Yet 11 years after the uprising, testimonies and evidence collected by rights groups allege that abuses by Egypt’s security services are once again out of control. Since coming to power after a military coup in 2013, Sisi has presided over a renewed era of impunity for security forces, down to the lowest ranks of the police.
Despite a clear prohibition on all forms of torture in Egypt’s 2014 constitution, trials and convictions of security officials for torture or deaths in custody remain extremely rare, while abuses are regularly documented. Domestic organisations monitoring torture and abuse in detention now struggle to continue their work, amid a prolonged crackdown on civil society activity.
“Police stations are even worse than prisons,” said Aly Hussin Mahdy, a former detainee and now exiled activist, describing his experience in detention. “The revolution happened because of this, and 11 years later we see it happening again.”
Amr Magdi, an expert on Egypt at Human Rights Watch who reviewed the videos for the Guardian, said that the detainees’ injuries and the use of stress positions are consistent with documented examples of torture in detention centres. “They all show signs of severe beatings, and they mention batons and wooden sticks which are routine torture tools,” he said. “These videos show the sad and horrifying reality of Egypt’s detention system as the police enjoy near-absolute impunity.”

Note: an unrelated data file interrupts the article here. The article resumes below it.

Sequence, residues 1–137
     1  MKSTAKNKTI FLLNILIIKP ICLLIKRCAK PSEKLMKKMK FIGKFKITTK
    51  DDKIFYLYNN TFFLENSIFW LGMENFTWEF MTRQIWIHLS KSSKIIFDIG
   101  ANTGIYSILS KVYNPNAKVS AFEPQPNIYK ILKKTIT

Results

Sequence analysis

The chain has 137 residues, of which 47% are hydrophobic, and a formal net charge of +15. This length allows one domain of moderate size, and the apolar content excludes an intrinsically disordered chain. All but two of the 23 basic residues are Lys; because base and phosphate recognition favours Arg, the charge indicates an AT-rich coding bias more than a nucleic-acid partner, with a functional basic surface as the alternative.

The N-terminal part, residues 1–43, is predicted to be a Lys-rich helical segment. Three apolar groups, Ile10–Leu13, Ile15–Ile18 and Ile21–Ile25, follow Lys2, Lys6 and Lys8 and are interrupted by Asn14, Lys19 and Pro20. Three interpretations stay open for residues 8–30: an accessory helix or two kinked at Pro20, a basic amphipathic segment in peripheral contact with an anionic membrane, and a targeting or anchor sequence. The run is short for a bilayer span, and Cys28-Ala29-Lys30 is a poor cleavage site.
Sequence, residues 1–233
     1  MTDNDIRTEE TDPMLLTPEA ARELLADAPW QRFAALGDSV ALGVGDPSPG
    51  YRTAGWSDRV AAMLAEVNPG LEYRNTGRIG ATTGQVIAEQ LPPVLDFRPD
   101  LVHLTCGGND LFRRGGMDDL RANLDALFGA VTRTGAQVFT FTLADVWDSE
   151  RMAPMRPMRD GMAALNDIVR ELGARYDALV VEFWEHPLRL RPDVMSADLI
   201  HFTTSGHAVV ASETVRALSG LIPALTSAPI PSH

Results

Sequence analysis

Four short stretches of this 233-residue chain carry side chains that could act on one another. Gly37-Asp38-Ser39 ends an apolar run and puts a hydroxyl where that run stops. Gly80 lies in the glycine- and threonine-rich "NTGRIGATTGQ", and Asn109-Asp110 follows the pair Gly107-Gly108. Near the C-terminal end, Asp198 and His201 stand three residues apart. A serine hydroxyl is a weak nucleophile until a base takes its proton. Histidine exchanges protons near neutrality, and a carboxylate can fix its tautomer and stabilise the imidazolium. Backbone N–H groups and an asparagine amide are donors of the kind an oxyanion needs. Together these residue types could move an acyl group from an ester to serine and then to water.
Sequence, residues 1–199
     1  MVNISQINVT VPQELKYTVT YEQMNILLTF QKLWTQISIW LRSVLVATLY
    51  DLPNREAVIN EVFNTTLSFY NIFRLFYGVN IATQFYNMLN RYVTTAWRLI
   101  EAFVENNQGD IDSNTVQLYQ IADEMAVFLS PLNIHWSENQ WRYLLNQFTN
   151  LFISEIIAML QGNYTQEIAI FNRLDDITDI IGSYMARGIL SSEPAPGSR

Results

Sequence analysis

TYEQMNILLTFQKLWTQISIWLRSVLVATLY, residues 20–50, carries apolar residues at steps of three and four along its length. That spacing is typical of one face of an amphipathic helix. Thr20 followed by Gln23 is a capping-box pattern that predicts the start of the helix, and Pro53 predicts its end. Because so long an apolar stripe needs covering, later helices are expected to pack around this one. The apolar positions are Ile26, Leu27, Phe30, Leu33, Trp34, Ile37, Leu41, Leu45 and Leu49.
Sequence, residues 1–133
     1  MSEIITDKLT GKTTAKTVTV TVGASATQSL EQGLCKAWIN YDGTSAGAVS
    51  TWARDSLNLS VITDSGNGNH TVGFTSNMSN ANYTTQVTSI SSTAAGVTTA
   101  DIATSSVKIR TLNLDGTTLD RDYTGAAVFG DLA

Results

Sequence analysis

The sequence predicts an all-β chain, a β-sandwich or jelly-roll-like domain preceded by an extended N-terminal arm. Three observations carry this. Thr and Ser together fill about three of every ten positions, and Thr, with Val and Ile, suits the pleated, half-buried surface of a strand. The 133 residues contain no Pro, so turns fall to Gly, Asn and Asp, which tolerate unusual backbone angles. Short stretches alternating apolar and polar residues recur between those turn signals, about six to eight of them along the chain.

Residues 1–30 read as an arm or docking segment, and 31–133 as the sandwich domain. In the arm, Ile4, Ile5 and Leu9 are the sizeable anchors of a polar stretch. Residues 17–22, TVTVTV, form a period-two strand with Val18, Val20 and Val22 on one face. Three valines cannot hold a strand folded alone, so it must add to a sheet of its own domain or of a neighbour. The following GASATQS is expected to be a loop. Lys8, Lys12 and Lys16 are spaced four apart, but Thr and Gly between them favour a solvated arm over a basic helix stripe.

Magdi said that abuse was common in police stations, where mistreatment can occur away from public view. “We know that most physical torture happens in police stations and secret NSA [National Security Agency] detention centres during the initial days or weeks after arrest, and before detainees are taken to larger prisons,” he said.
Human Rights Watch detailed the use of stress positions and the systemic use of torture in police stations in a report in 2017, describing the issue as a potential crime against humanity. The report cites 19 individual cases where detainees “were tortured in police stations and national security offices across the country, including Alexandria, Aswan, and cities in the Nile delta”. For some, torture occurred in multiple places of detention.
“The basic tools of torture were electrocution and stress positions, accompanied by beatings with fists, wooden sticks or metal bars,” they said.